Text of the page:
'Fifty Ruba'iyat' by Rumi includes versions of the poems by Wlodek Fenrych, based on translations from Farsi by Ziba Karbassi and Bashir Sarkhavaz. They say that one can get drunk on Rumi. Its sufi imagery (with plenty of wine in it) and its reggae-like rhythm have an intoxicating effect. Does one need to be a Persian-speaker to experience it? Here is a taster for English-speakers.
With original calligraphy by Morteza Salehi.
‘Are You Alive Now?’ Find out in Michael Wyndham’s debut poetry collection. Discover a cast of characters, such as medieval ‘bad boy’ poet Francois Villon, celebrity rocket scientist Wernher Von Braun or the ghosts of famous Le Palais dancehall haunting 21st century Hammersmith, London.
With colour illustrations by Sally Wyndham.
'Ataraxy' by Isabel del Rio is a collection of sonnets on love, death and other fixations. Some are written in despair, others in hope. Some might make you want to get out and fight, others to throw in the towel. For we are also made of moments, maniacal and euphoric, or dejected and disheartened. We are all things; and as such, we write about all things.
With silvertone photography by the author.
'The Moon at the End of my Street' by Isabel del Rio is a collection of factual and fictional performance poetry. From the non-existent seas covering the Moon to the landmark events of the future Lunar Republic, from the Spring Moon to the Moon's dark side, from the chrysanthemum Moon to the Moon of horses, from the milk Moon to the moon of awakening, from moonrise to moonset...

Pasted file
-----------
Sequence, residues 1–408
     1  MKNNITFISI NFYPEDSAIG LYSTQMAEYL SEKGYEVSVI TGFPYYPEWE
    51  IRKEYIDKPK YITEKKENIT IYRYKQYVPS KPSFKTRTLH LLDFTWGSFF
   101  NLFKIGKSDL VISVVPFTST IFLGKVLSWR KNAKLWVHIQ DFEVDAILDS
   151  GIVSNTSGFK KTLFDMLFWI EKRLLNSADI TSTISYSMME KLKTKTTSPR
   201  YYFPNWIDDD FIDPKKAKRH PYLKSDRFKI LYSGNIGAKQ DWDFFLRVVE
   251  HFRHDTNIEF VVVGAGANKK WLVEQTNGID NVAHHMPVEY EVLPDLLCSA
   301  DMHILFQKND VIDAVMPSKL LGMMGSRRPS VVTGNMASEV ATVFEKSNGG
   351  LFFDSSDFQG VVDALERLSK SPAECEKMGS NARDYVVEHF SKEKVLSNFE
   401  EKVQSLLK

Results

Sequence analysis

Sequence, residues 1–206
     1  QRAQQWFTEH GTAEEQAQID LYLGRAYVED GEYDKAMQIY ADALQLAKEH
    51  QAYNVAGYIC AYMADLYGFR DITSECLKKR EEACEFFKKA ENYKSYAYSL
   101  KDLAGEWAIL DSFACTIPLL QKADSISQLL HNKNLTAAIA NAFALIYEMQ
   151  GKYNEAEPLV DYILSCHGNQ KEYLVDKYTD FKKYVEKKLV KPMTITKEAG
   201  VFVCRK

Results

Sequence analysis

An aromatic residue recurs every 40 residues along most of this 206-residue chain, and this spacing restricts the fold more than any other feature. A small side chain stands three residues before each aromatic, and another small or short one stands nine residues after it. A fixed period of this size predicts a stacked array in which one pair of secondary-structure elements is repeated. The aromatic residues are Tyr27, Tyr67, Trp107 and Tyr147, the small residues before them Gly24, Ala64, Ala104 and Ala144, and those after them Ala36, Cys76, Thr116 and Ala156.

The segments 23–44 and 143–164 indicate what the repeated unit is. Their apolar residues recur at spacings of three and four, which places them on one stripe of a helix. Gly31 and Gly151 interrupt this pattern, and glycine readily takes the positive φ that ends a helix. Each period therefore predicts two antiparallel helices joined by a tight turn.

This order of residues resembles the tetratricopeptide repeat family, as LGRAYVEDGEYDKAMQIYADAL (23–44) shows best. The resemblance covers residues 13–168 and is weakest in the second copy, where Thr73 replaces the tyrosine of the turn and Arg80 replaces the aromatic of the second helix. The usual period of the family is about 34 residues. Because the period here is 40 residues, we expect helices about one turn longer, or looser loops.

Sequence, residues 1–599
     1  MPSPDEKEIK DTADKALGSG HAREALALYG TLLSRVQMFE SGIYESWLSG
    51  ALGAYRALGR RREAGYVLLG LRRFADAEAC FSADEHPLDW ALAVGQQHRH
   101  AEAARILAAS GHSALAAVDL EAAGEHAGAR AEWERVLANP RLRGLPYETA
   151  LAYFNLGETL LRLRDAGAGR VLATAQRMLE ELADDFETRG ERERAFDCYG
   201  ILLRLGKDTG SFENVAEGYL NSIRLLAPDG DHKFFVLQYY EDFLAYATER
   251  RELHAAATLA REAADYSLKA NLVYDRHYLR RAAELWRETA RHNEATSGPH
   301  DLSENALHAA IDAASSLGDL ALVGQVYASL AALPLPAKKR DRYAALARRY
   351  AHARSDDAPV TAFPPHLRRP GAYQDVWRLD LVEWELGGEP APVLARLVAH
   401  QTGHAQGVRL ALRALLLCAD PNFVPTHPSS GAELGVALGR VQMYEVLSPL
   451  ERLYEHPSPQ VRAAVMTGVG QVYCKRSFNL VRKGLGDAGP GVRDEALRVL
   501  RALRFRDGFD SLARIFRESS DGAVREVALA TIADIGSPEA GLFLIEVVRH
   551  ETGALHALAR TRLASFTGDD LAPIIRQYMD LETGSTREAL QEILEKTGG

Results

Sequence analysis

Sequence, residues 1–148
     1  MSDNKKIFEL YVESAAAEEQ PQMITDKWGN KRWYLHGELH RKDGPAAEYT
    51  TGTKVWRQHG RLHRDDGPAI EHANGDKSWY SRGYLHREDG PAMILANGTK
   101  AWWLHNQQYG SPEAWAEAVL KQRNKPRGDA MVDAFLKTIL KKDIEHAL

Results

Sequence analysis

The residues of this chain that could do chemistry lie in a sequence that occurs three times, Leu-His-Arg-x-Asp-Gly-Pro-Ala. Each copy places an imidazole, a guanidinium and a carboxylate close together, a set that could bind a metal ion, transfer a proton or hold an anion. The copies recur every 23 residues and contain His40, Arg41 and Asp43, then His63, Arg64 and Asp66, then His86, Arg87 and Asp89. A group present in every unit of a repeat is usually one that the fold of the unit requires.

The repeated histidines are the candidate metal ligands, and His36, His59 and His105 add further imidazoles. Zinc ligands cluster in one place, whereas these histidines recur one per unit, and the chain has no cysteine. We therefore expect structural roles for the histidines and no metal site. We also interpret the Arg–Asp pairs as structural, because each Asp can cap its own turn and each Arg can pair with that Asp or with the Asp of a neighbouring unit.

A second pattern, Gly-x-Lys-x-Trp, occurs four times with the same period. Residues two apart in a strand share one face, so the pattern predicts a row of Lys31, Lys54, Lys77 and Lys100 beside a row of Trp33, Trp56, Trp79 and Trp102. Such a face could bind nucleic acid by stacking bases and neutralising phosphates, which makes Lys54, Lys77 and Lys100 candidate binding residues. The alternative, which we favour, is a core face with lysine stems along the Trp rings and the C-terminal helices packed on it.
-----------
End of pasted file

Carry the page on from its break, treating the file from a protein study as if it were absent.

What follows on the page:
With B&W photography by the author.
Could it be a novel written like a film-script? Or is it a film-script written like a novel? In 10 parts and 77 takes, ‘Dissent’ is the first book of the space opera series 'Planet in Peril', for young adults and adults alike. The book's heroine is an Alice of the future, but her Wonderland is no place to dream. Her journey of discovery takes her across a bleak dystopian ecosystem, making her challenge what she is and question everything she so desperately wants.
Twenty-four stories on Paradise and Hell. The inadequacies of Paradise. The anxieties in Hell. From android love stories, to dissections of historical events, from a life lived far too mindfully to the dilemmas posed by working in Hell itself. If you are lucky, you can get to choose between Hell and Paradise. But because they have co-existed for so long, you may not be able to distinguish between the two of them anymore...